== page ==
Tuesday, December 20, 2011

Putting Some Sunshine on Tax Credits

WAMU is running a story this morning by Michael Pope on some legislation that I am introducing next session regarding shining some light on tax credits.

During the last two years I have been elected, I have been astonished at the number of tax credit bills that I have seen go through my Chamber.  Towards the end of last session, several of us were discussing these and the cumulative effect they are having on our budget - especially given how picky we are being about expenditures because Virginia's budget situation is so horrific.

For example, in the last two years, I have noticed the following:
  • A $4M tax credit for movie production;
  • A $40M tax credit for coal production;
  • A $4M tax credit for wineries;
  • A $2M tax credit for Virginia's ports;
  • A $2M tax credit for research & development (I voted for this one);
  • A $2M tax credit for telecommuting;
  • A tax credit for creating "green" jobs.

I'll be introducing my own tax credit bill this year to allow people to claim them for solar panels, geothermal heat pump systems, and solar hot water systems.   Every state surrounding us already has them along with the federal government. 

The list goes on.  Virginia has other tax credits for donating land for open space, historic preservation, "major business facilities," day care facilities, etc.  There is a great list on the Department of Taxation's website which is not exclusive.  As you can see, they make for great brochures (e.g. grist for the legislative re-election mill).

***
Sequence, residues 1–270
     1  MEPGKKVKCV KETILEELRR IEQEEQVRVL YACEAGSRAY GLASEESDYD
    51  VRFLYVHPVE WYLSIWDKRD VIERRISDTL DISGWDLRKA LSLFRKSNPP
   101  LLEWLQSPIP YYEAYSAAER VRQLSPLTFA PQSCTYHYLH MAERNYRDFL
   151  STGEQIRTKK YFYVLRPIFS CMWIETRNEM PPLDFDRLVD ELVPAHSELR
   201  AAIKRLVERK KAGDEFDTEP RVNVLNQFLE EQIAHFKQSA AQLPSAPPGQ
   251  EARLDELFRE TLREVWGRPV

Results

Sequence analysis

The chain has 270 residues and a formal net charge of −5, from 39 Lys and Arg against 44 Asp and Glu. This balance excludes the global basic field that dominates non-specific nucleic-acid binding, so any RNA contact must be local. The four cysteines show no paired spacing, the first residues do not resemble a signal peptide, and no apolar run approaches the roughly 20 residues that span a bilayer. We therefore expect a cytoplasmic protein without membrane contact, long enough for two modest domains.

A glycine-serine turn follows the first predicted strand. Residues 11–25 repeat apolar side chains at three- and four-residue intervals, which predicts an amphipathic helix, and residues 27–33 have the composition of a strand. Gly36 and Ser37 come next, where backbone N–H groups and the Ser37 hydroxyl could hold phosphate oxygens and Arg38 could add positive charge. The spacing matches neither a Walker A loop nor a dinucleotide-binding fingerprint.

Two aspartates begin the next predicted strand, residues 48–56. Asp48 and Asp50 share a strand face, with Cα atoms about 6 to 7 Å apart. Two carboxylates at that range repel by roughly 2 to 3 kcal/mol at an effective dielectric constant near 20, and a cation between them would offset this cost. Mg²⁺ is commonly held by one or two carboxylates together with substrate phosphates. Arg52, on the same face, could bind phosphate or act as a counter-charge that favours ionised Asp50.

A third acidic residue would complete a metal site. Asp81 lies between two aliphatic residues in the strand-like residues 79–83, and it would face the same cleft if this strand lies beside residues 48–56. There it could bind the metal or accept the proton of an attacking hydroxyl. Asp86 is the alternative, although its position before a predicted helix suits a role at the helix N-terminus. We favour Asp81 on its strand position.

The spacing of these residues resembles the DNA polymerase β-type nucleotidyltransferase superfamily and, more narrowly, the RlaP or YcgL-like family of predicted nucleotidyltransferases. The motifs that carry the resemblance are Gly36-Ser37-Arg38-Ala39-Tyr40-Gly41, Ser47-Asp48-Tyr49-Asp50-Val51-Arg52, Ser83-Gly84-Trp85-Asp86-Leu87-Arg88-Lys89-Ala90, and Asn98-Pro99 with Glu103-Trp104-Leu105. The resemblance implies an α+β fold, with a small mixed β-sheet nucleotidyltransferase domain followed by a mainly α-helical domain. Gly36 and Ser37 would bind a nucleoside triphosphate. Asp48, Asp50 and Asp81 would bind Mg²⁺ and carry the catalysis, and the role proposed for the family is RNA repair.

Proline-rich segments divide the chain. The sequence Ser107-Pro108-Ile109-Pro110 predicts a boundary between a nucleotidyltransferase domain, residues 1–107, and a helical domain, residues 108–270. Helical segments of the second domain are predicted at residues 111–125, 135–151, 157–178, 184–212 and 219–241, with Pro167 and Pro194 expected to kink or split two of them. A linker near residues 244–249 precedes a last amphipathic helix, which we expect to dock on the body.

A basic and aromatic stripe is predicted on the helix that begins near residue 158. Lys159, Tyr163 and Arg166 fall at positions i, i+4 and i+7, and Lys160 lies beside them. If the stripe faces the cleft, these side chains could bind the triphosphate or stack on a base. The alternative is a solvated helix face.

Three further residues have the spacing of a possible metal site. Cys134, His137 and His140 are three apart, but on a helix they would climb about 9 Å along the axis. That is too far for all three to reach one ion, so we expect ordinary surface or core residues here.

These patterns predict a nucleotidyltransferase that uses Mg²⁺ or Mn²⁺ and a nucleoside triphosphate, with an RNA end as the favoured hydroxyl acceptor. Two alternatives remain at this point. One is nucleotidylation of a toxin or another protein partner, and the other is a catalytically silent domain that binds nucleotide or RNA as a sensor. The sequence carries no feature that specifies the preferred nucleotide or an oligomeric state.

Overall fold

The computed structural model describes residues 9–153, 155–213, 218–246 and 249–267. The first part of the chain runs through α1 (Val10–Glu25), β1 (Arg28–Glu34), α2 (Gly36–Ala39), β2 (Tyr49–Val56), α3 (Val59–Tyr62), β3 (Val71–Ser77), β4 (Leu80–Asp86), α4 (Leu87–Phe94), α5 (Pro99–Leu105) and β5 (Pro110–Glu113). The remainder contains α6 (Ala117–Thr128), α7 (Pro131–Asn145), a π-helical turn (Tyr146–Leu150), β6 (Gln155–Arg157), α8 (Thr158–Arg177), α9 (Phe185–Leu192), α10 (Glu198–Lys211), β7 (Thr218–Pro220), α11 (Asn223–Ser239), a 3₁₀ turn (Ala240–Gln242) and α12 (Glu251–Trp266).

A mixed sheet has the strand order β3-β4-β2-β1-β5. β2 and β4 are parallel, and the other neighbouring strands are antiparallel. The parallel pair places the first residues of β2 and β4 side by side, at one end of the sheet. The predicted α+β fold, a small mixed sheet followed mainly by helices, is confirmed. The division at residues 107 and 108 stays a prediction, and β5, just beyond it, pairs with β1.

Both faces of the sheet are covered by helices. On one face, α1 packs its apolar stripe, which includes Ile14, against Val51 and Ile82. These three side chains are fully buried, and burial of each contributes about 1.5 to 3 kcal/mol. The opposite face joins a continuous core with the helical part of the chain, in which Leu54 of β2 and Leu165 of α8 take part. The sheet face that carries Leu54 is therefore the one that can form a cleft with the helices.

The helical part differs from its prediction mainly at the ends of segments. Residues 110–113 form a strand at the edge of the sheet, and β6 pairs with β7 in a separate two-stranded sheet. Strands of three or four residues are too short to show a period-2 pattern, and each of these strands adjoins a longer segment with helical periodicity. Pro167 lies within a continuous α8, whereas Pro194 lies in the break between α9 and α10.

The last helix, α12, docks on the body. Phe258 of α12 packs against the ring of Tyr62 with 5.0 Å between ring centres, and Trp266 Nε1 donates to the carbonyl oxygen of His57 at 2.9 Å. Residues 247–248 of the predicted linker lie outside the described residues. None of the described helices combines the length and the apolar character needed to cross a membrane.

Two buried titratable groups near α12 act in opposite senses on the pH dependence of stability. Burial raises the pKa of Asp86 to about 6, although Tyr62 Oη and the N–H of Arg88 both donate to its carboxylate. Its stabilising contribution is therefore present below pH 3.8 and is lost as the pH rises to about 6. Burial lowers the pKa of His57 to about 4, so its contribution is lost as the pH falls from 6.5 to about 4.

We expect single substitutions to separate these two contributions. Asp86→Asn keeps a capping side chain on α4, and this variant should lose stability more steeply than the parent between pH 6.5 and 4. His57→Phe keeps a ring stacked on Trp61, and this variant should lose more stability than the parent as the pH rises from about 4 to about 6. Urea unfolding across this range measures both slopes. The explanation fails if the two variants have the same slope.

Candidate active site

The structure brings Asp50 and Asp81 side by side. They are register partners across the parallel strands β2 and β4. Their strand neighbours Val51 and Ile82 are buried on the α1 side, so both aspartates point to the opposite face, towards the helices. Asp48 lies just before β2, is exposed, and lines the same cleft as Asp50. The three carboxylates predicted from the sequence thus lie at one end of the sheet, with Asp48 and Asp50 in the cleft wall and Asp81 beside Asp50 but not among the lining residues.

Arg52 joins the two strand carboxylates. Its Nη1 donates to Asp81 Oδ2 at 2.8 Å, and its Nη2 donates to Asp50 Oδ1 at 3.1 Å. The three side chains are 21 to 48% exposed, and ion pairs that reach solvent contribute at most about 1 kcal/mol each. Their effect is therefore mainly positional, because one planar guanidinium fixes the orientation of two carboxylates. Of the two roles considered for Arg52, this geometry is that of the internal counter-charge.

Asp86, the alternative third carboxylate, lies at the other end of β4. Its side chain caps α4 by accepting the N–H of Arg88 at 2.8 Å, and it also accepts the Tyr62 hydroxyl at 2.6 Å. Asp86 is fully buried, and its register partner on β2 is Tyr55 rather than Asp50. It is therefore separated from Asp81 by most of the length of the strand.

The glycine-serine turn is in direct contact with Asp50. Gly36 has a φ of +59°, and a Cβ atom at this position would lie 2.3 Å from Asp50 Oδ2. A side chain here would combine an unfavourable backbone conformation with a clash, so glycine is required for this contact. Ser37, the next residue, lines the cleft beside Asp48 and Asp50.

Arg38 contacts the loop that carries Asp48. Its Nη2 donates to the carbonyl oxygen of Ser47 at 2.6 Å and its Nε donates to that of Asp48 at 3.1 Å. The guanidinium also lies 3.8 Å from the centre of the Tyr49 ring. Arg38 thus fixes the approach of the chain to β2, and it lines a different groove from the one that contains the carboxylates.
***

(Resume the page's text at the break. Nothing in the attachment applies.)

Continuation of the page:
They also make for great pork.  From my point of view, many times these credits reward interests with the best lobbying teams and if I were an interest looking for an appropriation, it is a lot easier to pass if it were called a tax credit than simply putting a line item in a budget that says $4,000,000 to Steven Speilberg, $2,000,000 to Donald Trump (for his new winery), or $1,000,000 to Daddy Warbucks to keep 500 acres on his country estate free of development. 

The fiscal reality of a tax credit is that they are a dollar-for-dollar credit against your taxes.  The effect upon taxpayers is exactly the same as the government writing a check to someone unlike a deduction where you only get a benefit at your marginal tax rate (you get credit of roughly 20%-50%). 

That's why I am introducing that requires the Department of Taxation to annually publish a list of every taxpayer who claims a tax credit along with the amount and credit claimed with some exceptions (e.g. the low income tax credit and the credit for tax paid to another state).   All government expenditures are subject to public scrutiny - there is no reason that a benefit claimed from a tax credit should not be as well.

If any taxpayer is going to reap this kind of reward from taxpayers, there ought to be sunshine on the process so that if these things are the results of special interests, voters can connect the dots between political contributions and benefits and so that the effectiveness of credits themselves can be evaluated by the public. 

Sunshine is the best political disinfectant.  Let it shine on in.

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